Considered one of the most common causes of poisoning in pets, Antifreeze poisoning in dogs has become a household hazard for many pet owners. With the possibility of easily turning fatal if not treated in time, Antifreeze poisoning cases are becoming a top concern for dog owners across the country.
Read on to discover the causes, symptoms and treatments for Antifreeze poisoning in dogs.
Causes of Antifreeze poisoning in dogs
Predominantly used for the prevention of the freezing up of water, Antifreeze contains the toxin ethylene glycol, a potentially fatal chemical that can also be found in car engines as well as hydraulic brake fluids.
Your dog can come into contact with Antifreeze through leakage from your car’s radiator, or even in toilets to ‘winterize’ the pipes during colder months of the year. Once ingested, the chemical may seem tasteless -or even tastes good for some animals- and dogs are at risk of drinking large amounts before feeling the symptoms.
The effect Antifreeze poisoning can have on your dog depends largely on the amount consumed, and it is estimated that five tablespoons are enough to kill a medium-sized dog. Nevertheless, the symptoms of Antifreeze poisoning in dogs will progressively become worse the longer the dog remains untreated due to the liver breaking down the toxins into other other substances. Early stages symptoms include:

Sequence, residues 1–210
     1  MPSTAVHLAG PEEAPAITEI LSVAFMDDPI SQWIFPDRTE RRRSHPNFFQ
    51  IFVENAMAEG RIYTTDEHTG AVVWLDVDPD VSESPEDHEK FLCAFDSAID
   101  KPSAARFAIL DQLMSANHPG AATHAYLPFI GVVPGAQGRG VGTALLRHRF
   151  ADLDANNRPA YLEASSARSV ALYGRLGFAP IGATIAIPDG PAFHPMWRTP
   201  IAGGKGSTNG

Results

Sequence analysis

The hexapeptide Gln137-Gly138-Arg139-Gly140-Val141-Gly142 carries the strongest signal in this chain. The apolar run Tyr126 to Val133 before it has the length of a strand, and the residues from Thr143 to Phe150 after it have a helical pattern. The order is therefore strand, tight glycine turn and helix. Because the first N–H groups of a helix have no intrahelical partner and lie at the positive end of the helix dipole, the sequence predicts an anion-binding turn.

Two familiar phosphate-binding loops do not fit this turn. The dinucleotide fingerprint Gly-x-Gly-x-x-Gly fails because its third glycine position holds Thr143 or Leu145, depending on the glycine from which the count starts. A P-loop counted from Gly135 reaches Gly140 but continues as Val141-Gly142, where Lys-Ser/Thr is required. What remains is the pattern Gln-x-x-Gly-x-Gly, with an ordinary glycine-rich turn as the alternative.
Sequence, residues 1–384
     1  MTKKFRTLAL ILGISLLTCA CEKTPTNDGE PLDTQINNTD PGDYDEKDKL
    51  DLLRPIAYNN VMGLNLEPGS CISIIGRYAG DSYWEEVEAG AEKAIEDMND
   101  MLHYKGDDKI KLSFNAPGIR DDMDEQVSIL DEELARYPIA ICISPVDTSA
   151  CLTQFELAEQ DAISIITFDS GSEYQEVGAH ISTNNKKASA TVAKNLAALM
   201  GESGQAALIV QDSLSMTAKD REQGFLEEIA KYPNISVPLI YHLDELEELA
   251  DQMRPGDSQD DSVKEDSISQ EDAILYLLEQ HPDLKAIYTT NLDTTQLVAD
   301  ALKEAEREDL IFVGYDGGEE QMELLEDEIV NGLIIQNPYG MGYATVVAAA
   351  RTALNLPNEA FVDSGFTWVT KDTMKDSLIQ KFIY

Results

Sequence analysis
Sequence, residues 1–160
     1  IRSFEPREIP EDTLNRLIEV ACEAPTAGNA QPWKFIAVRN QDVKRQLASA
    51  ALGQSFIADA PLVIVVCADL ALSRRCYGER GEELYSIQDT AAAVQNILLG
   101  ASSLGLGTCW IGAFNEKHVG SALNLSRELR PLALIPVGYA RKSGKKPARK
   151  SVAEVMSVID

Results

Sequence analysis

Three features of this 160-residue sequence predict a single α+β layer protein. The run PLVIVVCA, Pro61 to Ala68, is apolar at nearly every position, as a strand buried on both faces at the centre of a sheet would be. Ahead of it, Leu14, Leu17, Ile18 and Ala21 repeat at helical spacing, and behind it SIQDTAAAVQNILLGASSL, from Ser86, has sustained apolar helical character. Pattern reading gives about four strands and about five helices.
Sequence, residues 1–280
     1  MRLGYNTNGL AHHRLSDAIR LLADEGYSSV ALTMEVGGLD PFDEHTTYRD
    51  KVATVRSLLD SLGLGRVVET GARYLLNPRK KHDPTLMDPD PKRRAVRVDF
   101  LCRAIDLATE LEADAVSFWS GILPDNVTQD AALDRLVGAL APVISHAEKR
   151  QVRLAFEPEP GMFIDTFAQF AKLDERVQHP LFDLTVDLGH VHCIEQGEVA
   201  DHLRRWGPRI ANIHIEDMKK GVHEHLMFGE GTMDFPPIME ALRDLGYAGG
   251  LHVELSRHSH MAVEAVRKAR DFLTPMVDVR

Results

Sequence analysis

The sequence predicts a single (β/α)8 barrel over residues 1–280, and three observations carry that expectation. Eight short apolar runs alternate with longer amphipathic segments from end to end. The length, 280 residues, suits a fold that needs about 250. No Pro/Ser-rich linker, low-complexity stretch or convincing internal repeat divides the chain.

- Muscle twitching
- Rapid heartbeat
- Drunk lethargic mannerisms
- Increased urination
Later stages symptoms can progress into:
- Low body temperatures
- Lack of appetite
The first hours of poisoning are critical in seeking treatment for your pet, as most pets that are left untreated rarely survive. Treatment often involves attempting to limit any absorption of the body to the toxins by increasing excretion for the substance to be removed automatically. Manual removal of the substance can also be taken as a method of treatment.
IV fluids are often administered to correct any dehydration which may have occurred and to prevent it from developing throughout treatment. The vet will continue to administer bicarbonate to to correct the pH level of the body.
Due to the high risk of cases of Antifreeze poisoning, it is essential to take all the necessary precautions to avoid any contact your pet might have with this substance. This includes avoiding its use in-house, or keeping toilet lids closed and bathroom doors shut if the substance was use for wintering pipes. Moreover, it is recommended to keep your pet away from wandering unattended into garages, alleyways or any other areas where spills may have occurred. If you are to store Antifreeze substances in or around your house, make sure they remain tightly closed and hidden away from pet’s easy reach.
Another precaution to be taken is to monitor your pets closely for any signs of poisoning, and to consistently check surroundings for any instances of leaks.